DIY Home Security Tips and Technology: Safeguard Your Family
Safeguarding your home is not as difficult, or expensive, as you may think. Here are a few DIY security tips that are practical and worth implementing when it comes to securing entry points and alerting you of potential intruders.
DIY home security solutions
High-cost home security isn’t your only option when it comes to keeping your home and family safe. There are many DIY home security projects you can complete on your own. For starters, you can:
Install a motion detector
Motion detectors can easily be found at your local Home Depot, Lowes, or hardware store. For as little as $15 a unit, you can detect movement in or outside of your home and have lights turned on for a set period of time.
Add pin locks to your windows
In as little as two hours, you can upgrade your standard window and patio door latches to window lock systems featuring theft-deterrent technology. On double-hung windows, you can install a locking pin that goes through one sash and into the next to keep intruders from lifting the sash. You can even go as far as adding a keyed turnbuckle, so you’ll need a key to open the window instead of its standard latch.
Secure patio doors
Sliding glass doors operate on tracks instead of hinges, so it’s very easy for thieves to remove them. Try adding a wooden dowel or security bar to the track, or even a double bolt lock.
DIY home security systems
Prefer a home security system? If so, it’s important to know you don’t have to sign a long term contract. You can still take advantage of key home security features like smart home connectivity for automated routines and remote access via mobile app. These days, those features are almost standard. Here are a few options to consider.
Honeywell DIY security
Honeywell offers a DIY home security system that’s equipped with a 1080p high-definition live streaming, geofencing, smart home integration, and free 24-hour cloud storage. Key fobs and motion viewers can be added a-la-carte (among other options), so you’re able to grow the system to suit your needs.
LifeShield by ADT
LifeShield is a DIY home security system that is offered by ADT. It has easy to set up sensors and smart cameras, live video, and video recording; plus it has a free mobile app. 24/7 professional monitoring for emergency services is optional.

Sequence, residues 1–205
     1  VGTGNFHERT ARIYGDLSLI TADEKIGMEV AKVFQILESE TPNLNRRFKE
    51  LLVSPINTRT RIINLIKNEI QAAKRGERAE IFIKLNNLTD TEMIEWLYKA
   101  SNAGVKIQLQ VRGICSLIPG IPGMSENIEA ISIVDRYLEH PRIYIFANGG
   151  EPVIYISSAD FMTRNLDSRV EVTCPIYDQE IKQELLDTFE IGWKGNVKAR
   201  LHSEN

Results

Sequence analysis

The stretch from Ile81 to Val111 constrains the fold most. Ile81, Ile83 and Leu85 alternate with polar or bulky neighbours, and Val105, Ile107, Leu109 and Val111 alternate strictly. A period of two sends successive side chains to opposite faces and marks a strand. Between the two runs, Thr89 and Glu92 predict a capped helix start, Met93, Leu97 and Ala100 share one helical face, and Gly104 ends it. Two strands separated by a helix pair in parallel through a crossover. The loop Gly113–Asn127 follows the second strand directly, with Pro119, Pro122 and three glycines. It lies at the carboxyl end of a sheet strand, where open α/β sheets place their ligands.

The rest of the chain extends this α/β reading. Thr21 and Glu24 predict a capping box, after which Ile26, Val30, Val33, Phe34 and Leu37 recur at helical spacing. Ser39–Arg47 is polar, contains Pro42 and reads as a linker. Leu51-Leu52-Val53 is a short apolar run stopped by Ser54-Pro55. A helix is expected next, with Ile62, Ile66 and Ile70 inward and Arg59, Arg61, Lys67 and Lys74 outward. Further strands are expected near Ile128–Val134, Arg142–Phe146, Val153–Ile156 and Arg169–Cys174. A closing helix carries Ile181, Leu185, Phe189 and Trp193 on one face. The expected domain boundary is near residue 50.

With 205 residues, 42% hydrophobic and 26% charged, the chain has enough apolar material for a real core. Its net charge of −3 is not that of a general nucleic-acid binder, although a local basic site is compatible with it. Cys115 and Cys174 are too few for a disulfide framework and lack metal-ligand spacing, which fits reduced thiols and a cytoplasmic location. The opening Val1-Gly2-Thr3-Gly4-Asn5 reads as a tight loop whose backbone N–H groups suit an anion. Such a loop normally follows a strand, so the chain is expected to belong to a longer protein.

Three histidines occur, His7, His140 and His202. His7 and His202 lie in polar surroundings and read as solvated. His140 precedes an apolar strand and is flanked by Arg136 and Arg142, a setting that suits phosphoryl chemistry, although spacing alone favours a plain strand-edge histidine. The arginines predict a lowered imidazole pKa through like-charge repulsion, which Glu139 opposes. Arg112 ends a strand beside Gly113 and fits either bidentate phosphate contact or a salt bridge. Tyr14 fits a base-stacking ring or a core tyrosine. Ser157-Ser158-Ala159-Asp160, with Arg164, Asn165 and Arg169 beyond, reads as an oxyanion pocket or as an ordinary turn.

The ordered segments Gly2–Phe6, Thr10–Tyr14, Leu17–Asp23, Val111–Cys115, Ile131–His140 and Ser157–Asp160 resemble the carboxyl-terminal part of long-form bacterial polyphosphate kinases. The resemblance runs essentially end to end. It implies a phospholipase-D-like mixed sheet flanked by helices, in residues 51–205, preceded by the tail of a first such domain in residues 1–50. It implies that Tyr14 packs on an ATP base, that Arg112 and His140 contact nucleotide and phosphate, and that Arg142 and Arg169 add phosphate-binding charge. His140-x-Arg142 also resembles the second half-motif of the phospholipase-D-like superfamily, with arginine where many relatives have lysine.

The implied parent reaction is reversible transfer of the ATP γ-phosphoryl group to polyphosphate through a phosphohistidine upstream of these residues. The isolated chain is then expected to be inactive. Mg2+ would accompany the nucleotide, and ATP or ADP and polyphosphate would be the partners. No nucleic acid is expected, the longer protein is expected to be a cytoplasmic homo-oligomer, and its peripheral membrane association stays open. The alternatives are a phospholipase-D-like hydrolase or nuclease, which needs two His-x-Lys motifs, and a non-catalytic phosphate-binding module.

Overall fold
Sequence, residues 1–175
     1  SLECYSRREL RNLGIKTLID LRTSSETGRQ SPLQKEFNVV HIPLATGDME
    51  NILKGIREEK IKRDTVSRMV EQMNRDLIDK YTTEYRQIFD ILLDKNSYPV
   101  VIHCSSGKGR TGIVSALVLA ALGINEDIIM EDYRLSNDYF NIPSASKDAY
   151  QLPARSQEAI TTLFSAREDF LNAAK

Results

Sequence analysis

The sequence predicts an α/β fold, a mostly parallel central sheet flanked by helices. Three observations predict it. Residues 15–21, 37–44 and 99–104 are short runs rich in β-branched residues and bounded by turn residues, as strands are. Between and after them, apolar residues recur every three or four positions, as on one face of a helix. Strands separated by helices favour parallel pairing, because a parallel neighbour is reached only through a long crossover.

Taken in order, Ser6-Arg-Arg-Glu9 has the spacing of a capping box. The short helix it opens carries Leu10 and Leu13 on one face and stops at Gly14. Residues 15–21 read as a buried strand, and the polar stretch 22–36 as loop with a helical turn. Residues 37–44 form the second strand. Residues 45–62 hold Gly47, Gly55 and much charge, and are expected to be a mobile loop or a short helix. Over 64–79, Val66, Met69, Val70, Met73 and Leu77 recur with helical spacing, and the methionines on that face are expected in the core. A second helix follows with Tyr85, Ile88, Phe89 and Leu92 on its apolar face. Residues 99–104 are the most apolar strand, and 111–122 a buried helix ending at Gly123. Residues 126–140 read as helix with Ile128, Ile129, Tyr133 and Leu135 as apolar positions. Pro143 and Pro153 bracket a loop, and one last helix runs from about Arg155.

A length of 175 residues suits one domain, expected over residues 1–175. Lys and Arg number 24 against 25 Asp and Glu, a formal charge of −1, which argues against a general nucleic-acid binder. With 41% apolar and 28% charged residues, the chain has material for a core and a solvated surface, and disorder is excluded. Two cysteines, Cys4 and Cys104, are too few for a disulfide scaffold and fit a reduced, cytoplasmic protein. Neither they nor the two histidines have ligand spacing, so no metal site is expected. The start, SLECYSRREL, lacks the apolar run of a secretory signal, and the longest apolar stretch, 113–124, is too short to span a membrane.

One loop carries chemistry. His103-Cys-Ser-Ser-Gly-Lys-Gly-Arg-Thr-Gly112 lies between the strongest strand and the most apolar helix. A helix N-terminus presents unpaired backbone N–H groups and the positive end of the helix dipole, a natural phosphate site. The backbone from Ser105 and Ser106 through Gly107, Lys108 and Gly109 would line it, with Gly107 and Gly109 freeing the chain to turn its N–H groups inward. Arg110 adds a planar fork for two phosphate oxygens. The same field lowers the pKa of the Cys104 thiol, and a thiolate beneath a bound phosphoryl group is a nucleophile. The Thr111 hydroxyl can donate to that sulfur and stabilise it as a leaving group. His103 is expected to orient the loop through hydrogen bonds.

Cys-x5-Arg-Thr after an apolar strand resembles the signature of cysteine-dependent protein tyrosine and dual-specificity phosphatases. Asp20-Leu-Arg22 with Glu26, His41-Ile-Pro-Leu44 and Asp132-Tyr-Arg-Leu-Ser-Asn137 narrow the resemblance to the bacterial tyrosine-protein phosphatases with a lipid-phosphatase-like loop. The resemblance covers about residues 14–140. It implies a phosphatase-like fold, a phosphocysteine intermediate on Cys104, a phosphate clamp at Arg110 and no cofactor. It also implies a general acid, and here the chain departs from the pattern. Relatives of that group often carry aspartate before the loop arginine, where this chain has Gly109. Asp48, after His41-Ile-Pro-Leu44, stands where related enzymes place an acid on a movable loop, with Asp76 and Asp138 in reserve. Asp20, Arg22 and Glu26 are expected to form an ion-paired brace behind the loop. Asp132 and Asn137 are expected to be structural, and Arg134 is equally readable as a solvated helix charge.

Ring has gone beyond doorbell video monitoring. It now offers a whole home DIY security option that alerts you when windows are opened, or motion is detected. It works with Amazon’s Alexa to arm and disarm your security system.
Prefer not to have to remember a security code? Consider Google Nest. It works with Google Assistant, and unlike other DIY security options, it does not have a stressful countdown, nor does it force you to rush out the door. That said, Google Nest is a favorite among homeowners with young families.
Cheap home security tips
Don’t forget about the more obvious options when it comes to home security tips and piece of mind. Specifically, these six.
1. Buy a home in a safe neighborhood
Use home search sites like Trulia to understand safety and crime stats in your desired community. Crimereports.com is another helpful option.
2. Get a dog
Often your first line of defense, the right breed of dog (or at least one with the right volume of bark) can scare off burglars.
3. Participate in your neighborhood watch program
Neighborhood watch programs are still easy ways to keep tabs on what’s going on in your immediate area. At the very least, get to know a neighbor or two, so they can keep an eye on your home when you’re out of town.
4. Don’t let trash or mail pile up
Letting your trash or mail pile up is an easy way to alert a burglar that you are not home, and your residence can be an easy target.
5. Never hide spare keys outside
This is becoming less common in the age where garage doors have keycodes that can be shared with out of town visitors, but it’s still something you should not be doing.
6. Be smart with your social media posts
Sure you’re incredibly excited about next weekend’s trip to Mexico, but be careful about how much you post and the setting you use. You don’t want to alert the general public about your vacation, practically inviting them to break in and burglarize you while you’re gone.